LANCASTER, Pa. - Dozens of demonstrators in Lancaster as well as in Lebanon County took part in a national day of action in solidarity with the Standing Rock Sioux Native American tribe, who is leading the fight against the Dakota Access Pipeline in North Dakota.
Some local protesters, including Alena Clatterbuck, just returned from protesting with the Standing Rock Sioux tribe in North Dakota.
"At first it was like just getting wrapped up in it, should I step over and trespass, but I mean they can't arrest 2,000 people," she said.
Clatterbuck and her family have been fighting the proposed Atlantic Sunrise pipeline in Lancaster County for years.
When they heard about what was happening in North Dakota, she said they had to go out and help the people there make their voices heard.
"I think theirs was really inspiring because here it's more low-key," Clatterbuck said. "We're just used to pipelines going everywhere but out there it's different. There's not as many and because of it going through a Native American site or burial grounds, it was a real rising of people getting together, saying this is very wrong."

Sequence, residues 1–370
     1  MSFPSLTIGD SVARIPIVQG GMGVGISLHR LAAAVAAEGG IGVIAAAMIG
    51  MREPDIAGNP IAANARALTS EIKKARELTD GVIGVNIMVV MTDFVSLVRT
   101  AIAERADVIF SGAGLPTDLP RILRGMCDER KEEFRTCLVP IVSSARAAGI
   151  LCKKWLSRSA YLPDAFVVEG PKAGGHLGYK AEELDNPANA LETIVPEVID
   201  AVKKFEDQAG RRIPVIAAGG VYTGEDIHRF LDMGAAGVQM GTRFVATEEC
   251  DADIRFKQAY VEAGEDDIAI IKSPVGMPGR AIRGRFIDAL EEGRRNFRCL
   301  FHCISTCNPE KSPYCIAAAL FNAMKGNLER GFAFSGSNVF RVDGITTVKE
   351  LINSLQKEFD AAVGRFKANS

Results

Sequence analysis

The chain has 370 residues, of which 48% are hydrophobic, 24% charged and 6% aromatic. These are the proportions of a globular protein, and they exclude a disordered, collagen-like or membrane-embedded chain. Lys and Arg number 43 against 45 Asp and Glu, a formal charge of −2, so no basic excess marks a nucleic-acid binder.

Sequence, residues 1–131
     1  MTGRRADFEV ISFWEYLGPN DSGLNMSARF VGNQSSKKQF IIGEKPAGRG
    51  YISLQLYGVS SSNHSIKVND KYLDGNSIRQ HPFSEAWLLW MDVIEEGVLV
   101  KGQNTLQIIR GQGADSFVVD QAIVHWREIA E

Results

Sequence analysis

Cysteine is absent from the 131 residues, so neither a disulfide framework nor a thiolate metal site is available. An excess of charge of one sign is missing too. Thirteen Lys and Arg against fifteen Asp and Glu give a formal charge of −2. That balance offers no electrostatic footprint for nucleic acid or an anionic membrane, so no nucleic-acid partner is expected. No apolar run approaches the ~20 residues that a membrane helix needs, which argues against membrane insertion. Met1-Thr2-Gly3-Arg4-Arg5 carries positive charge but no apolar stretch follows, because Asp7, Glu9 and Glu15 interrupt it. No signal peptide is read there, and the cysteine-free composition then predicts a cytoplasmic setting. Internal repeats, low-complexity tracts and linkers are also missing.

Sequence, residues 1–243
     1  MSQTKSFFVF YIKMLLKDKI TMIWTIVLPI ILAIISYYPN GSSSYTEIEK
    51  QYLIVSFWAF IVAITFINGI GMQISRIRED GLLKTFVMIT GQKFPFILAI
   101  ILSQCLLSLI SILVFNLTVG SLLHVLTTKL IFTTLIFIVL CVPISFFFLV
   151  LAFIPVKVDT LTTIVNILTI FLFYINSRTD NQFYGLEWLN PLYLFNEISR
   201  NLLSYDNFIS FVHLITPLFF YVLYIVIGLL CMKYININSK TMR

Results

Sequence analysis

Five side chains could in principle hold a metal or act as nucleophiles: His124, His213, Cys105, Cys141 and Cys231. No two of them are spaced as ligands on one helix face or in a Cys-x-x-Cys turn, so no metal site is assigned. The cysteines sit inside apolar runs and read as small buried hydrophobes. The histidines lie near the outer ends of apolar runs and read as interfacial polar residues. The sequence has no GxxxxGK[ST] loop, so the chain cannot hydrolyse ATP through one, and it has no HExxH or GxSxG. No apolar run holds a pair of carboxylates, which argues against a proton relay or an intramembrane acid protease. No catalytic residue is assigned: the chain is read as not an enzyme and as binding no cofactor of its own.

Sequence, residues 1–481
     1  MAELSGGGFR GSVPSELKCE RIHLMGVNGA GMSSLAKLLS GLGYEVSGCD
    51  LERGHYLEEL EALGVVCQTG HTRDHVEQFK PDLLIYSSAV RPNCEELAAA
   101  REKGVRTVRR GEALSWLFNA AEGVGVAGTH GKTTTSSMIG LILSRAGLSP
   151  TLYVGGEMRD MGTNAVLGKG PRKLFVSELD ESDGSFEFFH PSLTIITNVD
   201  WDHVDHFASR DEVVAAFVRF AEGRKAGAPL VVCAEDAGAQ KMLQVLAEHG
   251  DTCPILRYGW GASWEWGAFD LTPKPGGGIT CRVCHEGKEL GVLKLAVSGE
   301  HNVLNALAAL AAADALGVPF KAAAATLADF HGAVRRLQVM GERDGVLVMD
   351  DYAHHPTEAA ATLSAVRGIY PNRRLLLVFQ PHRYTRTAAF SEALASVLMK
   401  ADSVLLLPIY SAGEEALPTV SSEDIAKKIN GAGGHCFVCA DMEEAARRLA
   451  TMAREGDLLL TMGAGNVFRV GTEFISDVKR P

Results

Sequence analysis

Protesters in South Londonderry Township in Lebanon County also drew strength from the fight by the Sioux as they dispute two proposed pipelines locally: the Atlantic Sunrise and the Mariner East projects.
"We are at the cusp of fundamental change here in Lebanon County," Michael Schroeder, with Lebanon Pipeline Awareness, said. "I don't think folks really realize the extent to which our land and water and air is going to be affected by this pipeline revolution."
Demonstrators say they hope this will move more people to act and speak out against pipelines.
"We really identify with the social injustice of this," Ann Pinca, of Lebanon Pipeline Awareness, said. "This is an attack on citizens, an attack on property rights."